The second reason is as the trends changed in rock music, particularly during the 1980s, keyboards suddenly became acceptable within the rock framework and many popular artists of all genres used them throughout this period. It seemed like a good idea for the band, now on the rise, to use them fairly extensively in their music.

A key point for many understanding the use of keyboards in Van Halen’s music was “Beat It” on the Thriller album by Michael Jackson, which EVH collaborated on.

Picture courtesy https://en.wikipedia.org/wiki/Thriller_(Michael_Jackson_album)

The final reason, perhaps, is down to Ed’s personal preferences. Being the innovator that Ed is, he decided to fiddle around with keyboards early on, despite hostility from others in the Van Halen circle, and eventually won. Without Eddie’s persistence on the matter, some of the music from Van Halen in this period would have been vastly different, and possibly much worse.

It all began with the experimentation of the keyboard on “…And The Cradle Will Rock…” on Women and Children First where Eddie plugged a Wurlitzer keyboard into his Marshall stack. It was accepted at the time, as the sound was not dissimilar from Ed’s famous Frankenstrat, which was entirely intentional. But in particular, David Lee Roth and long-time producer Ted Templeman would not accept the keyboard alone whatsoever. This led to massive arguments between Eddie and the others about the creative direction of Van Halen. On the 1980 tour, Michael Anthony was noted as playing the keyboard part on his bass guitar for the song, which must have been humiliating for Ed.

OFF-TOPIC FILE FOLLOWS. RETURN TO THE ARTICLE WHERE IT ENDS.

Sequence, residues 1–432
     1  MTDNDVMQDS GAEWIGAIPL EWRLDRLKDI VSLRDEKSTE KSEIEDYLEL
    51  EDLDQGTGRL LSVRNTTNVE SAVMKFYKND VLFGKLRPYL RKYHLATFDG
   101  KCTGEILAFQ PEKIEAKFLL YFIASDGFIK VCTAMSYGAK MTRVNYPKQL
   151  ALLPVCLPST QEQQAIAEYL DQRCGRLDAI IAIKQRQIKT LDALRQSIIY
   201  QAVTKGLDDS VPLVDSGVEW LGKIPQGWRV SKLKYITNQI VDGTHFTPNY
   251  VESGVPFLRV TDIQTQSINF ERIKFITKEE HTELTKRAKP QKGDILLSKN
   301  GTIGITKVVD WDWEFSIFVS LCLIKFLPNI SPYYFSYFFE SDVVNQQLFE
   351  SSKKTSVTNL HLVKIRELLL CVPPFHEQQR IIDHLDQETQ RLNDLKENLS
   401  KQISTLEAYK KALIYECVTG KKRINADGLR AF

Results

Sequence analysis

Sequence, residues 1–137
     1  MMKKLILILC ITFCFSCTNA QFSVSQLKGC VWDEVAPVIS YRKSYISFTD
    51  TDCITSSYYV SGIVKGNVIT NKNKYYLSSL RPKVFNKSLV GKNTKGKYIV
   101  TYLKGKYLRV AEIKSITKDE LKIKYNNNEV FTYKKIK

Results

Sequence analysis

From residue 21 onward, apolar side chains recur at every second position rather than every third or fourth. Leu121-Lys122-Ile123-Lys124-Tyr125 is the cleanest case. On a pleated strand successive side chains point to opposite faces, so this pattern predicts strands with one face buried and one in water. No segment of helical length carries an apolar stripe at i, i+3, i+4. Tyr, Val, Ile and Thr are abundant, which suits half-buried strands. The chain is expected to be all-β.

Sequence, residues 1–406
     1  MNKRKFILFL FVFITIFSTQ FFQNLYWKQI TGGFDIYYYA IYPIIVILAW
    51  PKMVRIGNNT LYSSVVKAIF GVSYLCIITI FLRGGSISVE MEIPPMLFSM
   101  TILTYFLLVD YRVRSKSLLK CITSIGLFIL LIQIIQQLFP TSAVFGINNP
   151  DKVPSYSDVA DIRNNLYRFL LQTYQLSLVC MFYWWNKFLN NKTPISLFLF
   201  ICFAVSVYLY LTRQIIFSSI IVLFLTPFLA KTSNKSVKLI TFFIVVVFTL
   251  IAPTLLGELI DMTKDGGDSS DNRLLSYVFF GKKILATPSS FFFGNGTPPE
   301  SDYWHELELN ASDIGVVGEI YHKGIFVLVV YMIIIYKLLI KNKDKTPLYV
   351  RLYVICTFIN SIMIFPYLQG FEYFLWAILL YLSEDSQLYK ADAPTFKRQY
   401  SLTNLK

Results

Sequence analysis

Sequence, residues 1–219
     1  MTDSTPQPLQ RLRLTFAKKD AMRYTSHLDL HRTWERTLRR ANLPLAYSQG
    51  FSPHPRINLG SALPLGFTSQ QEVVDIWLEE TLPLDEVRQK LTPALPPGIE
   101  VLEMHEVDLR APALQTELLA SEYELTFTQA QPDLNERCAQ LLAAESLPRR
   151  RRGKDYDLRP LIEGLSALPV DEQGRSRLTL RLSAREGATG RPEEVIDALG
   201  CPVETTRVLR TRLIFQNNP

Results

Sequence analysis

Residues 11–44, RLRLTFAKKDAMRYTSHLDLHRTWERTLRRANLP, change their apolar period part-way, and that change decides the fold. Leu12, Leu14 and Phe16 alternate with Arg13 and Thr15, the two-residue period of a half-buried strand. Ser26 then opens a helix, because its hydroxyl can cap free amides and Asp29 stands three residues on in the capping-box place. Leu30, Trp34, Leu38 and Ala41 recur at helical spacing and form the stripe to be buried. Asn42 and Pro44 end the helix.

Eddie realised he had much more power with creating his own music than allowing others to do so for him, hence the 5150 studio.

Picture courtesy http://www2.gibson.com/News-Lifestyle/Features/en-us/flashback-eddie-van-halen-on.aspx

Synthesizers were present on the next album Fair Warning on the track, “Sunday Afternoon In The Park”. By this point, the original incarnation of Van Halen was suffering from some problems with personal relations reaching new lows. But still, the band powered on.

Diver Down, a record that neither Eddie nor Alex Van Halen were particularly happy with had an interesting keyboard part on “Dancing In The Streets”. But it was a cover, and Eddie was unhappy with the fact that what he intended for an original composition was literally hijacked for other purposes. Still, Eddie Van Halen persisted at his dream of using keyboards to supplement Van Halen’s music.